Hans-Werner Sinn Accuses Troika of Misleading the Public
Apr 24, 2014
The President of the Ifo Institute, Hans-Werner Sinn, has contradicted the statement by the Troika of the EU Commission, the ECB and the IMF that Greece generated a budget surplus of 0.8 percent of GDP in 2013. “This announcement is tantamount to misleading the public. In reality, there can be no talk of budget surpluses,” said Sinn on Thursday in Munich. “What the Troika had a Commission speaker announce in Brussels was a figure that simply excluded any items of expenditure declared to be non-recurring, and notably the costs of the bank bailout, although it is far from clear that further bank bailout funds will not be required in the future. Budget balances can always be made positive if enough items of expenditure are left out of them. That is why it is so important to abide by the Eurostat rules on primary deficit calculation, and not to bend those rules at will whenever it is convenient.”
Calculated according to the Maastricht rules and as published by Eurostat, Greece’s budget deficit for 2013 totalled 23 billion euros, which corresponds to 12.7 percent of Greece’s gross domestic product (GDP). The primary deficit published by Eurostat, in other words the deficit without the state’s interest burden, was clearly negative at 8.7 percent of GDP. “The Greek government definitely does not have any budget surplus, as reported in yesterday’s ZDF heute journal news programme, for example”, said Sinn.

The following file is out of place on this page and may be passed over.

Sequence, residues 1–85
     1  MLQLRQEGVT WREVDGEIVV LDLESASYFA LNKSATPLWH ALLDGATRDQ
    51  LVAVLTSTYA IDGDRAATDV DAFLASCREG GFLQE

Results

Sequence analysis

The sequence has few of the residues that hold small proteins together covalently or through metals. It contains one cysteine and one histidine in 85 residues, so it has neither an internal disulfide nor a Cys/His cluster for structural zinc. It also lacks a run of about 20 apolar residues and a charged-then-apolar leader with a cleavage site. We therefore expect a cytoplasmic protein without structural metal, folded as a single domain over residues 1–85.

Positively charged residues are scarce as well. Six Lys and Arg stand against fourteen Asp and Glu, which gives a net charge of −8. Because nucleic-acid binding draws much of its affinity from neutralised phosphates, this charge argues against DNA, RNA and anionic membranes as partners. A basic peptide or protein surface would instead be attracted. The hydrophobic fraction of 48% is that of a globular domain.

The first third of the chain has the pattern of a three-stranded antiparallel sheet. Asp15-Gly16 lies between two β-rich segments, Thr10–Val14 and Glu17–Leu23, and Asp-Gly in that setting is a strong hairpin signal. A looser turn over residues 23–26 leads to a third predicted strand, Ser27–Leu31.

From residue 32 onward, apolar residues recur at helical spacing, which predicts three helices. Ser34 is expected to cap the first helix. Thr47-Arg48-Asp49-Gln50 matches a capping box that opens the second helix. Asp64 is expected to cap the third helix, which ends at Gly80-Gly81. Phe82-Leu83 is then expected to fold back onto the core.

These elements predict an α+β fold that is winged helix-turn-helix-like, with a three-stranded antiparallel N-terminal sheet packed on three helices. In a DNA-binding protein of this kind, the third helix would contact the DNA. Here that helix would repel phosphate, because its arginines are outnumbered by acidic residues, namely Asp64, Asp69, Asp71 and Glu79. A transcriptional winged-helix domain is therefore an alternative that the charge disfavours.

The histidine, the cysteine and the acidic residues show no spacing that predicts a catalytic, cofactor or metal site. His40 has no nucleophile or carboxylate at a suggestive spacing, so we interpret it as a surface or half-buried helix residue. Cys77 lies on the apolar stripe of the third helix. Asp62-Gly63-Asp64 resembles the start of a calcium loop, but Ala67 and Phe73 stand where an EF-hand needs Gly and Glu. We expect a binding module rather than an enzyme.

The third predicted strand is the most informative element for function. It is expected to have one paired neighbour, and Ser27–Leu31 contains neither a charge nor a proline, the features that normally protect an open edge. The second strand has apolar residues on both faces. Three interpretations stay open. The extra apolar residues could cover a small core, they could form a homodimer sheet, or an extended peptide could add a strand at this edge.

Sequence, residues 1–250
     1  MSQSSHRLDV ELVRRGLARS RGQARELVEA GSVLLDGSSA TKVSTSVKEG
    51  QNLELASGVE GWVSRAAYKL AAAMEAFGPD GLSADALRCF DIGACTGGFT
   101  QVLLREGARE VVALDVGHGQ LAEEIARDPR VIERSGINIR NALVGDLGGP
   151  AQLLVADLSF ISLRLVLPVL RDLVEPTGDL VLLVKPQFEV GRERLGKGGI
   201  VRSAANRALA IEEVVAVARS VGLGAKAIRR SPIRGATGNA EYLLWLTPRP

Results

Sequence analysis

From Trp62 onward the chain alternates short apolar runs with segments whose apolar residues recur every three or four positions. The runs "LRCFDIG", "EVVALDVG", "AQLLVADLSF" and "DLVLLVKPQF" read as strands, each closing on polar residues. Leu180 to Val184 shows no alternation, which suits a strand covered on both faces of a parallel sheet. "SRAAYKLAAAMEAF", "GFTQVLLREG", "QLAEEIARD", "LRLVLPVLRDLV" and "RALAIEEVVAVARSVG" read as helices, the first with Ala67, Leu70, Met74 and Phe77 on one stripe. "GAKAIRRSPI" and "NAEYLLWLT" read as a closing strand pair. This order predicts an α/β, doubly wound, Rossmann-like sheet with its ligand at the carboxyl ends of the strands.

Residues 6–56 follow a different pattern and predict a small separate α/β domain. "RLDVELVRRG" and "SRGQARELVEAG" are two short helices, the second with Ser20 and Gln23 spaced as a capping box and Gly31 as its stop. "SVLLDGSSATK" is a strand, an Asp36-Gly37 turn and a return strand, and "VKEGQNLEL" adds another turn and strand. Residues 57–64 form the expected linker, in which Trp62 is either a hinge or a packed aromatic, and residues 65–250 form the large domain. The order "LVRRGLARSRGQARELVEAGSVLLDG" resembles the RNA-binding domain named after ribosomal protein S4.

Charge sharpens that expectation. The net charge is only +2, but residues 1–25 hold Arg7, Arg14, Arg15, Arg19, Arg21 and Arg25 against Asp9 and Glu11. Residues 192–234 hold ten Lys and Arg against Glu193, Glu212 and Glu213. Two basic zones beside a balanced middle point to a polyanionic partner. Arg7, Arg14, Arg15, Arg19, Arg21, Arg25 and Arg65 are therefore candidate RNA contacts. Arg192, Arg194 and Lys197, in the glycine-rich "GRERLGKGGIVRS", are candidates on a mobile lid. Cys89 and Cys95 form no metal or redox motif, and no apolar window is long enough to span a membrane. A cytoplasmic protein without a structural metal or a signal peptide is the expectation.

“Greece is on the verge of bankruptcy and would have been obliged to declare itself insolvent a long time ago if private credit had not been replaced by low-interest credit from the community of states. All of the forecasts of Greece’s debt sustainability published by the Troika and the EU in recent years have been based on highly exaggerated estimates of growth. The only reason that Greece can now access market credit again is the explicit and implicit promise of a bailout by the community of states and the ECB, which effectively means that Greece’s debts would be repaid by the taxpayers of other countries in the case of a crisis,” Sinn concluded.